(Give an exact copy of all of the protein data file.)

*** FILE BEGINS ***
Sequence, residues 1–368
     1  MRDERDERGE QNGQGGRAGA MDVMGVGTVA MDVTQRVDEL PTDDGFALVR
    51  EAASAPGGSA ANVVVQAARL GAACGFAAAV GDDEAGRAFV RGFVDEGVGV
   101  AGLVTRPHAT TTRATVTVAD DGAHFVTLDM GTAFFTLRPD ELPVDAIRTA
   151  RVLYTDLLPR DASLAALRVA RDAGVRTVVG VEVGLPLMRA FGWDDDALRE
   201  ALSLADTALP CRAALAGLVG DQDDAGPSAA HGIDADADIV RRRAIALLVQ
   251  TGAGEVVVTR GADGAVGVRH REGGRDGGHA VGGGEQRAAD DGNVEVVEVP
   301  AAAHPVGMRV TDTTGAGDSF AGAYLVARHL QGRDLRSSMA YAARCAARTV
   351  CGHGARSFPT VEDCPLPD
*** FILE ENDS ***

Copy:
Sequence, residues 1–368
     1  MRDERDERGE QNGQGGRAGA MDVMGVGTVA MDVTQRVDEL PTDDGFALVR
    51  EAASAPGGSA ANVVVQAARL GAACGFAAAV GDDEAGRAFV RGFVDEGVGV
   101  AGLVTRPHAT TTRATVTVAD DGAHFVTLDM GTAFFTLRPD ELPVDAIRTA
   151  RVLYTDLLPR DASLAALRVA RDAGVRTVVG VEVGLPLMRA FGWDDDALRE
   201  ALSLADTALP CRAALAGLVG DQDDAGPSAA HGIDADADIV RRRAIALLVQ
   251  TGAGEVVVTR GADGAVGVRH REGGRDGGHA VGGGEQRAAD DGNVEVVEVP
   301  AAAHPVGMRV TDTTGAGDSF AGAYLVARHL QGRDLRSSMA YAARCAARTV
   351  CGHGARSFPT VEDCPLPD